ACLU To Monitor Military Commission Hearings At Guantánamo Bay This Week

February 4, 2008 12:00 am

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Court To Determine Whether Prosecution Of Two Foreign Nationals Is Proper

NEW YORK – The American Civil Liberties Union will be at Guantánamo Bay this week to monitor the military commission hearings of Canadian national Omar Ahmed Khadr and Yemeni national Salim Ahmed Hamdan. In each hearing, a U.S. military judge will determine whether the commission has proper jurisdictional authority to hear the U.S. government’s case. Khadr and Hamdan are two of only four Guantánamo detainees to face charges since Congress’ 2006 reinstatement of the commissions after the U.S. Supreme Court struck down the system established by the Bush administration.

“The ACLU remains committed to monitoring every military commission hearing at Guantánamo Bay so that their fundamental inconsistencies with both the Constitution and international law are exposed,” said Anthony D. Romero, Executive Director of the ACLU. “The U.S. Government is failing to act in accordance with this nation’s historic commitment to due process and the rule of law.”

Khadr, whose hearing begins today, was 15 when he was captured by U.S. forces in Afghanistan. Now 21, he is charged with murder, attempted murder, conspiracy, material support and espionage. Hamdan, whose hearing is expected to begin on Thursday, is alleged to have served as a personal driver and bodyguard for Osama bin Laden and is charged with conspiracy and providing material support for terrorism.

“In the six years since the first prisoners arrived at Guantánamo, the Bush administration has failed to bring a single military commissions case to trial because it insists on using a system with fatal due process flaws,” said Hina Shamsi, a staff attorney with the ACLU’s National Security Project who will attend the military commission hearings of both Khadr and Hamdan this week. “That one of the first tests of this illegitimate system is the prosecution for war crimes of someone captured as a child shows just how much of a moral and legal failure Guantánamo is.”

The murder charge in Khadr’s case relates to a 2002 incident in Afghanistan in which Khadr is alleged to have thrown a grenade, killing a U.S. soldier. The other charges are based on his alleged links to, and support for, al Qaeda. Among the arguments that Khadr’s lawyers are making in his defense is that the military commissions do not have jurisdiction to try Khadr for war crimes because he was a child when the alleged crimes were committed.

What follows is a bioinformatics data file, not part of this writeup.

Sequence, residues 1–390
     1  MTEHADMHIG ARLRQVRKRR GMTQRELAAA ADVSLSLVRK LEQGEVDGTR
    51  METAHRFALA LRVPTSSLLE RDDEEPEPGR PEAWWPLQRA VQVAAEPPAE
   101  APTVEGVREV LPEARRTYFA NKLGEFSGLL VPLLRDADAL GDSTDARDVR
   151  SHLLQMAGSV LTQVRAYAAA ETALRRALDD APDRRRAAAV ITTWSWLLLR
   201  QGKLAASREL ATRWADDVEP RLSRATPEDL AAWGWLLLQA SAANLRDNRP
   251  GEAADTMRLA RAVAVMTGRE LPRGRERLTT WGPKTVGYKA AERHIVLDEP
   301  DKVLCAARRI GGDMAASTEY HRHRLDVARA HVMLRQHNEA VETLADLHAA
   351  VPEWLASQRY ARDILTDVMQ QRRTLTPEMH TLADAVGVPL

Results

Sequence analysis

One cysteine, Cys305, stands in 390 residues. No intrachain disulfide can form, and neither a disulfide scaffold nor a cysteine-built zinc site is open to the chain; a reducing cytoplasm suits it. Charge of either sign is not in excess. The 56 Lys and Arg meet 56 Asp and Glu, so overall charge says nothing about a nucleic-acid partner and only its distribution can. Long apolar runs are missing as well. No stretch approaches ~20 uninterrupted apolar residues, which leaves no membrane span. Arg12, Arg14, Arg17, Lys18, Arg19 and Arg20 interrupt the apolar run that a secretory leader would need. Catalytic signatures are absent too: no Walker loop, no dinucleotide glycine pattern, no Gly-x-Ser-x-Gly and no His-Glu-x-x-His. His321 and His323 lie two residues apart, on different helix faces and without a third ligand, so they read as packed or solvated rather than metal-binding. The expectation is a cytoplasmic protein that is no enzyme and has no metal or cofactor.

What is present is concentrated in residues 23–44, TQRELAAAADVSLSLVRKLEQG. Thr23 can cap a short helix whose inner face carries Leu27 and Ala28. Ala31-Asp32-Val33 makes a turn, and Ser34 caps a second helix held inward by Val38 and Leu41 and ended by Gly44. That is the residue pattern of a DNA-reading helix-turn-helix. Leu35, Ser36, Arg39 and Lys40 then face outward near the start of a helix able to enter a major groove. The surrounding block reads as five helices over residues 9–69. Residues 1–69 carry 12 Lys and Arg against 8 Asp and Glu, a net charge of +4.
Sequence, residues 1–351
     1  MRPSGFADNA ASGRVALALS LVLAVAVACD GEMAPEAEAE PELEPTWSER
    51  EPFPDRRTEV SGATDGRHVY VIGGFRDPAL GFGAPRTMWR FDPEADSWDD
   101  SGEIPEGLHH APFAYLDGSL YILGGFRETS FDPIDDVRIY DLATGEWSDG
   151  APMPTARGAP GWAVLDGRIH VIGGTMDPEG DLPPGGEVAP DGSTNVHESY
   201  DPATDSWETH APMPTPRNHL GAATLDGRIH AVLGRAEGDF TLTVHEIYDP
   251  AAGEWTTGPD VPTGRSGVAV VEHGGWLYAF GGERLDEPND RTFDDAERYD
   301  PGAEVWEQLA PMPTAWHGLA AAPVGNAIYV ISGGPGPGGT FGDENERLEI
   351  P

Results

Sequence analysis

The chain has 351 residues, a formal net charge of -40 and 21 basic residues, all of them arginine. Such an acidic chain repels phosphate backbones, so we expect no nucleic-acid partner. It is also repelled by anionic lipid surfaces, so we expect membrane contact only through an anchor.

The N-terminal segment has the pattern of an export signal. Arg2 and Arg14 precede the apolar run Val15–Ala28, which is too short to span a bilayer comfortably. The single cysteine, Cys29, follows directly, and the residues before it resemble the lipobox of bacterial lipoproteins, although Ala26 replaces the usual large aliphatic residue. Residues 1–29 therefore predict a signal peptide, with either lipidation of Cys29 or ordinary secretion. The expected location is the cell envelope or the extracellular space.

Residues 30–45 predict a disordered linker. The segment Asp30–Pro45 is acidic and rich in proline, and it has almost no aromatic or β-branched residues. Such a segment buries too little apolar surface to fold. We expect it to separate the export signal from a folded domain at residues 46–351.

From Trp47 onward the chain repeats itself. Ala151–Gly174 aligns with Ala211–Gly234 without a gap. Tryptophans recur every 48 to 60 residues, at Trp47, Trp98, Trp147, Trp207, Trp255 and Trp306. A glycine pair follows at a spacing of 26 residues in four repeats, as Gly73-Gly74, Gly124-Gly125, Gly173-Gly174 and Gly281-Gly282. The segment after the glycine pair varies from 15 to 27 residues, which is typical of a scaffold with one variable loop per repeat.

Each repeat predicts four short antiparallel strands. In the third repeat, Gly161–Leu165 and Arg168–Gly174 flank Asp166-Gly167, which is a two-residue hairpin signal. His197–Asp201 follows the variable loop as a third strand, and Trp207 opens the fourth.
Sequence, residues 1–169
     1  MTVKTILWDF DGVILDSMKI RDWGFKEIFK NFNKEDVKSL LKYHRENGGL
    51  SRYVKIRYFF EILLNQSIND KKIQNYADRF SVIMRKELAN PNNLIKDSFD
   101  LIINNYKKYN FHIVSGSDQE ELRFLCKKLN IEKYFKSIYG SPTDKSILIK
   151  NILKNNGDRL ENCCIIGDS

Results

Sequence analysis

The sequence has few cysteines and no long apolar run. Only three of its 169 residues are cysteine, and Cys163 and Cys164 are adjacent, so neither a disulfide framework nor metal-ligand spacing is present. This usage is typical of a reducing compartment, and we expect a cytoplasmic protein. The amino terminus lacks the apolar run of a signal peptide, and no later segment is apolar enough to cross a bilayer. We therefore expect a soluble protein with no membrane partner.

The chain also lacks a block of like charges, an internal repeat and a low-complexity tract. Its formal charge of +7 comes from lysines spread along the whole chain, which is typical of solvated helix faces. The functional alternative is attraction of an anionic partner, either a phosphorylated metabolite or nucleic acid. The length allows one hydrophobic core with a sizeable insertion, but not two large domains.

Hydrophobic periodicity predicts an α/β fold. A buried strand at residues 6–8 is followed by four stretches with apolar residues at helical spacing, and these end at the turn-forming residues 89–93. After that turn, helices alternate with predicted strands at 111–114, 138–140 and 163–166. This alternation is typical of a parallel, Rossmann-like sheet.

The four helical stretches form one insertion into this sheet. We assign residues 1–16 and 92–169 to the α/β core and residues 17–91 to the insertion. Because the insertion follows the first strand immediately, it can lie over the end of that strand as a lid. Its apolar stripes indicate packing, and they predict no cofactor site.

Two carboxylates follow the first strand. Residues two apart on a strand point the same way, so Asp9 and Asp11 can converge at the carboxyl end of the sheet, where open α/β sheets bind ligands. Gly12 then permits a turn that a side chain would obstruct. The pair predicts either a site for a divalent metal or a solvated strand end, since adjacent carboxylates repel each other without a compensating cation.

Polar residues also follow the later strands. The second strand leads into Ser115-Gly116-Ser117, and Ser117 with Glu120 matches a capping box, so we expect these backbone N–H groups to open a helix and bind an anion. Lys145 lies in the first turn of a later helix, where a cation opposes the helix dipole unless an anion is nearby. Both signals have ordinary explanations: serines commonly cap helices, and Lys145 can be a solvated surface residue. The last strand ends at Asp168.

If the military judge denies Khadr’s lawyers’ motion to dismiss the charges on this basis, Khadr could become the first juvenile to be tried for war crimes in recent times. Khadr’s lawyers also argue that the offenses with which he is charged should be dismissed because they were not violations of the laws of war at the time he is alleged to have committed them.

Hamdan’s lawyers are similarly challenging the commission’s jurisdiction to try their client’s case on the grounds that conspiracy and material support were not war crimes at the time they were allegedly committed. His lawyers are also asking the court to move Hamdan from the harsh conditions of solitary confinement that, they say, have caused his mental health to decline to the point that it is interfering with his ability to maintain an attorney-client relationship.

A series of reports containing Shamsi’s comments and observations from the hearings will be posted beginning today on the ACLU’s diary on Daily Kos, which can be found at: Her posts can also be found on the ACLU’s blog, which is located at:

The ACLU, one of four organizations that have been granted status as human rights observers at the military commission proceedings, has observed the tribunals since they began in 2004 and has repeatedly called on Congress and the Bush administration to shut down the U.S. prison at Guantánamo Bay. In May 2007, the ACLU endorsed legislation introduced by Senator Tom Harkin (D-IA) that would shut down the Guantánamo facility and end the practice of indefinite detention without charge for detainees who have been held for as long as six years, often without even knowing the reason for their detention. It would also provide a push for the government to finally charge those detainees it believes are guilty of crimes against the United States.

Additional information about the ACLU’s involvement surrounding the detention of prisoners at Guantánamo Bay can be found online at:

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